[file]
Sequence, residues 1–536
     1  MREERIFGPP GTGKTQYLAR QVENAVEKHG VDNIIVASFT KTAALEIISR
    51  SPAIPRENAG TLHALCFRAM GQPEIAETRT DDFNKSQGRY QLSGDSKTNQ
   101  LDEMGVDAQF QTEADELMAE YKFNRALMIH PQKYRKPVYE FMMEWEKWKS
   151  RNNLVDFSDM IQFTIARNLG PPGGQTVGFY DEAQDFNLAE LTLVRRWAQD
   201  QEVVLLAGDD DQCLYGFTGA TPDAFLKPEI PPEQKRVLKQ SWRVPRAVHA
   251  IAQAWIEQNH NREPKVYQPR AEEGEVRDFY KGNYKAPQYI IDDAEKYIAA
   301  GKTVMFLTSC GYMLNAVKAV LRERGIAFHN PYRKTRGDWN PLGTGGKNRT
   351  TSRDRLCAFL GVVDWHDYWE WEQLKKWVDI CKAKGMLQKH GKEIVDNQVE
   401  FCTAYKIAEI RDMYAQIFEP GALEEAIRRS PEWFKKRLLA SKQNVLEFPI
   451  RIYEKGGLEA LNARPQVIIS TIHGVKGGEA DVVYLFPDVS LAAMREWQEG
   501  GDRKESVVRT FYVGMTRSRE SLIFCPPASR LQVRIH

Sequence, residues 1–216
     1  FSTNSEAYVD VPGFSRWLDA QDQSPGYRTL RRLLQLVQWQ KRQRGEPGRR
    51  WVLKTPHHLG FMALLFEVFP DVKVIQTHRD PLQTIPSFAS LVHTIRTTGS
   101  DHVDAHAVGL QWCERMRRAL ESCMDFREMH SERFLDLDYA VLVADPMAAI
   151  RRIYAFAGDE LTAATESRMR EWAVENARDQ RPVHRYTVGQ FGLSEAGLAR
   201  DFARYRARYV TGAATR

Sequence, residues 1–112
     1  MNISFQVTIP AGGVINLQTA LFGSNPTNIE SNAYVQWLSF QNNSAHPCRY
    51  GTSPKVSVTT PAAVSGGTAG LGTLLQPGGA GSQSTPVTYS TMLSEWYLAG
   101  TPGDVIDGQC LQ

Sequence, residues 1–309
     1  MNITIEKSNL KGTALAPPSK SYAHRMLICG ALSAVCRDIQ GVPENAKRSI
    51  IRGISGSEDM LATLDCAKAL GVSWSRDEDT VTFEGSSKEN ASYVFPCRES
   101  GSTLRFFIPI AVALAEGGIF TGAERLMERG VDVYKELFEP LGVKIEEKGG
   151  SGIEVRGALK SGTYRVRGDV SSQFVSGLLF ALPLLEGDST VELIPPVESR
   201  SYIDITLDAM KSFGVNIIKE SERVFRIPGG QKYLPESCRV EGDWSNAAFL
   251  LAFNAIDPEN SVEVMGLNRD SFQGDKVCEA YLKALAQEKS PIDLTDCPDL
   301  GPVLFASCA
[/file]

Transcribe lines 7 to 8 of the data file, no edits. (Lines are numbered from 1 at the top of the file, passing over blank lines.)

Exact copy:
   251  IAQAWIEQNH NREPKVYQPR AEEGEVRDFY KGNYKAPQYI IDDAEKYIAA
   301  GKTVMFLTSC GYMLNAVKAV LRERGIAFHN PYRKTRGDWN PLGTGGKNRT